If you have fecal coliform in the well or E. coli, your well is being impacted by human or animal waste. If there is not a nearby animal waste composting facility, then you are probably drinking water from a failed septic system- yours or your nearest neighbors. To solve this problem you need to either fix or replace the septic system that is causing the contamination or replace the well. The failing septic systems can often be identified by using tracer dyes.  While continuous disinfection will work to protect you from fecal bacteria and E. coli, be aware that if your well is being impacted by a septic system, then the well water might also have present traces of all the chemicals and substances that get poured down the drain. Long term treatment for disinfection, and micro-filtration should be implemented:  using UV light, ozonation, or chlorine for continuous disinfection, carbon filtration, and anything that is used for drinking should be further treated with a reverse osmosis systems or micro membrane system that work by using pressure to force water through a semi-permeable membrane. This is the type of system that is used to desalinate water. Large quantities of wastewater are produced by reverse osmosis systems and need to bypass the septic system or they will overwhelm that system creating more groundwater problems. Reverse osmosis systems produce water very slowly, a pressurized storage tank and special faucet needs to be installed so that water is available to meet the demand for drinking and cooking.

 Nitrate can contaminate well water from fertilizer use; leaking from septic tanks, sewage and erosion of natural deposits. The MCL for nitrate is 10 mg/L. Infants below the age of six months who drink water containing nitrate in excess of the MCL could become seriously ill from blue-baby syndrome and, if untreated, may die. Symptoms include shortness of breath and a blue ting to the skin common in blue-baby syndrome. The NO3 dissolves and moves easily through soil which varies seasonally and  over time as plants use up the nitrate over the summer. Testing in the spring will usually produce the highest levels. Nitrate may indicate contamination from septic tanks, but do not boil the water- boiling water reduces the water and actually INCREASES the concentration of nitrates. So if your water is being impacted by a septic system and you do not replace the well; distillation, reverse osmosis, or ion exchange is necessary to control the nitrate.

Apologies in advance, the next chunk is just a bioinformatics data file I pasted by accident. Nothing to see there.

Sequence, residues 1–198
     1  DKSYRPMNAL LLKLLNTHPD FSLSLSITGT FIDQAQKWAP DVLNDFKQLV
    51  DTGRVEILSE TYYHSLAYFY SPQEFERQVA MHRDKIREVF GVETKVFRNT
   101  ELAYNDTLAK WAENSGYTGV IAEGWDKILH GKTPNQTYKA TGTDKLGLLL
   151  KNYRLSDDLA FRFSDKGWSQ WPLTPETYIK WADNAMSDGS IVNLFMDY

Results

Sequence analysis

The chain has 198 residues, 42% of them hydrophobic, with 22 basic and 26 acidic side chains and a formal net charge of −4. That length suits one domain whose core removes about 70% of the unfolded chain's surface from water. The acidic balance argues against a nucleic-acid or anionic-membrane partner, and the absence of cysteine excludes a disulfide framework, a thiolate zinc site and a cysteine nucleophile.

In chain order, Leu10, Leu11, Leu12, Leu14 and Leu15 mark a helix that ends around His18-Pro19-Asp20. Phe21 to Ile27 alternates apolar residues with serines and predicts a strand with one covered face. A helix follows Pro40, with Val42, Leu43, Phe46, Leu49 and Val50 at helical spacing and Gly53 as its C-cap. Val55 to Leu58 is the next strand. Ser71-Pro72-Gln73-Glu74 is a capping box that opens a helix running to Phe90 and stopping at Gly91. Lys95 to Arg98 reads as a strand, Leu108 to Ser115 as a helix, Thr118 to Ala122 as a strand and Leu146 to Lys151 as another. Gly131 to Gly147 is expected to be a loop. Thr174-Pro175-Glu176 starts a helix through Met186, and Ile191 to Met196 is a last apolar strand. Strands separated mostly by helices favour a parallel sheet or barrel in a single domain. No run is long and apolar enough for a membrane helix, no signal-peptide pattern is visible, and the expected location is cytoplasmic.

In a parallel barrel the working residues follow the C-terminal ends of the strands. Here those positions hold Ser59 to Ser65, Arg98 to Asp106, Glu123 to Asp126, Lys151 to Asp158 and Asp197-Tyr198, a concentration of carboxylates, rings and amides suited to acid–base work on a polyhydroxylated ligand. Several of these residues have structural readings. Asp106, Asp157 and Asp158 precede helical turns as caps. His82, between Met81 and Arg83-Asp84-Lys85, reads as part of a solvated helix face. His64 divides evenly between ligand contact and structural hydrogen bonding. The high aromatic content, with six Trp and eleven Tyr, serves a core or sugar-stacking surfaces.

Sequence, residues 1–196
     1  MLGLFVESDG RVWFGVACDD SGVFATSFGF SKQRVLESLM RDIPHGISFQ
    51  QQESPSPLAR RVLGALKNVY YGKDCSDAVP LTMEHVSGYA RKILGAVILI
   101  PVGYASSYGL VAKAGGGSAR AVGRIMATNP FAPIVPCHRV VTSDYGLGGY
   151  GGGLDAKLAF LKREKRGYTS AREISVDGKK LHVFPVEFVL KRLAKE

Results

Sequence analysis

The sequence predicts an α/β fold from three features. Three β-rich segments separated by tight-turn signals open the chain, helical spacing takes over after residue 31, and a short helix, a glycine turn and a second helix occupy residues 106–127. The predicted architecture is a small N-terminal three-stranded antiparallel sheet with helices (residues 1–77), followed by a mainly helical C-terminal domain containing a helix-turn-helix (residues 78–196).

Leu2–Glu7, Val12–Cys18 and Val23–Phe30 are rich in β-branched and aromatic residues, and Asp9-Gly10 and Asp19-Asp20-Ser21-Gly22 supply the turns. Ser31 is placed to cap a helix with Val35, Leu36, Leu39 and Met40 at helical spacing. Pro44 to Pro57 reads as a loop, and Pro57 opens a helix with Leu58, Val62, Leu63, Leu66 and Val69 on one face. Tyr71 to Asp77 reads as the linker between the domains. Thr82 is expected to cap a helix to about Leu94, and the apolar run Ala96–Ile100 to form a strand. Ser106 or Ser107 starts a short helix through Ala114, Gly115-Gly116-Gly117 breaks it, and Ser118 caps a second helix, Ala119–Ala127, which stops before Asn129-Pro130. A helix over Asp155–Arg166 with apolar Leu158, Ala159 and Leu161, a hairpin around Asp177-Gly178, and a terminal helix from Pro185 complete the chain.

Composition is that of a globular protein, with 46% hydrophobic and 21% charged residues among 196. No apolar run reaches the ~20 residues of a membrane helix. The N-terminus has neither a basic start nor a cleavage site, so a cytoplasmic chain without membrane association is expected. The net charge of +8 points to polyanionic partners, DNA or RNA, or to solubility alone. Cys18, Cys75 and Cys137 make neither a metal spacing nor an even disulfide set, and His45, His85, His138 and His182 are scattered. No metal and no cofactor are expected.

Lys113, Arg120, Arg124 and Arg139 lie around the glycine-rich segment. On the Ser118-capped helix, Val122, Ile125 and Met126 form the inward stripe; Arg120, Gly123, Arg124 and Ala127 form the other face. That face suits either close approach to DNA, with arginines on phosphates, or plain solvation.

The EPA guidance for sulfate is 250 ppm for taste. Sulfates can clog plumbing and stain clothing and excessive levels can have a laxative effect. If you have hydrogen sulfate above 0.5 ppm you can probably smell the rotten egg smell in your water especially when the water is heated. Hydrogen sulfide naturally occurs in shale, sandstone, and near coal or oil fields. Sulfate and hydrogen sulfide are not regulated by the EPA for drinking water, they are a secondary contaminant and though extremely unpleasant, harmless to animals, but not to plumbing equipment. There is a related problem (for which there are limited methods of testing) of sulfur reducing bacteria. According to the EPA, sulfur-reducing bacteria and sulfur-oxidizing bacteria pose no known health risks. Sulfur-reducing bacteria live in oxygen-deficient environments such as deep wells, plumbing systems, water softeners, and water heaters. These bacteria usually flourish in hot water tanks and pipes. Sulfate reduction can occur over a wide range of pH, pressure, temperature, and salinity conditions and produce the rotten egg smell and the blackening of water and sediment by iron sulfide. Sulfate-reducing bacteria can cause the corrosion of iron in pipes and water systems.